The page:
Four Republican opponents could jeopardize McConnell's efforts to pass the measure, which is being moved under rules that allow passage with a simple majority or 50 votes. He supports the expansion of health savings accounts and giving Americans more freedom in choosing plans that are right for them. None of the Senate's 48 Democrats are expected to support the package, meaning the legislation survives only if no more than two Republicans vote no. Sandoval introduced Heller at the press conference with remarks explaining how the Senate bill would lose Nevada hundreds of millions of dollars to cover its low-income population.
That could add Mr Heller's name to Mr Trump's call list.
Healthcare stocks closed down 0.1 per cent on Friday, clawing back some losses after the sector dropped sharply late in the session on Mr Heller's announcement.
It also would end tax penalties on people who don't buy insurance policies and on larger firms that don't offer coverage to workers, while phasing out the extra money given to states that expanded their Medicaid programs to offer insurance to the working poor.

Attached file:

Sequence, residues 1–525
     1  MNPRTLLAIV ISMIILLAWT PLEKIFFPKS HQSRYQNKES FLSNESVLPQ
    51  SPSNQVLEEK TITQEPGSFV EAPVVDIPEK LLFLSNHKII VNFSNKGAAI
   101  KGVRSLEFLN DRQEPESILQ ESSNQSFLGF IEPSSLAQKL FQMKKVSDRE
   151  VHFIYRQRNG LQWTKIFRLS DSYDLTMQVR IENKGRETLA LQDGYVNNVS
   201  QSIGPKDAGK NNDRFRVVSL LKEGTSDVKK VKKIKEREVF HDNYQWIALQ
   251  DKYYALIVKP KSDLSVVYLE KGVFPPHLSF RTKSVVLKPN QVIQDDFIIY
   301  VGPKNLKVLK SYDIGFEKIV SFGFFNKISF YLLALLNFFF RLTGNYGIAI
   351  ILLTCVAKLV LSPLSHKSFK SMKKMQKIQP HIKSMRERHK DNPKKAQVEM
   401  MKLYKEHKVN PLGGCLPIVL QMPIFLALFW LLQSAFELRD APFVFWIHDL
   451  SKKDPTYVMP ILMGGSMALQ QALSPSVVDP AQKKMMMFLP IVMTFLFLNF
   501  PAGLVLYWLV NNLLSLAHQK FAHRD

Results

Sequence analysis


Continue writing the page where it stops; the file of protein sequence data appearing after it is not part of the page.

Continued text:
Insurance rates have increased, and we have yet to see the 2018 numbers, but under the Senate bill, cost sharing payments will be covered for few years.
On Fox News Friday, Trump said "It's not that they're opposed".
"It's not that they're opposed", he said.
Mr Trump said getting approval would require traveling a "very, very narrow path" but that "I think we're going to get there".
The bill would also let states apply waivers to disregard some mandates of the Affordable Care Act, like the law's ban on insurance companies charging higher premiums for people with pre-existing medical conditions. Under the Senate GOP plan, all this coverage is at risk. The Senate then took the House bill and, in a rushed, closed-door process, made it harsher. Once promised as a top-to-bottom revamp of the health bill passed by the House last month, the Senate bill instead maintains its structure, with modest adjustments.
Menendez said that the wealthiest Americans will get a tax cut under the Senate legislation, paid for by "taking health care away from those who need it most".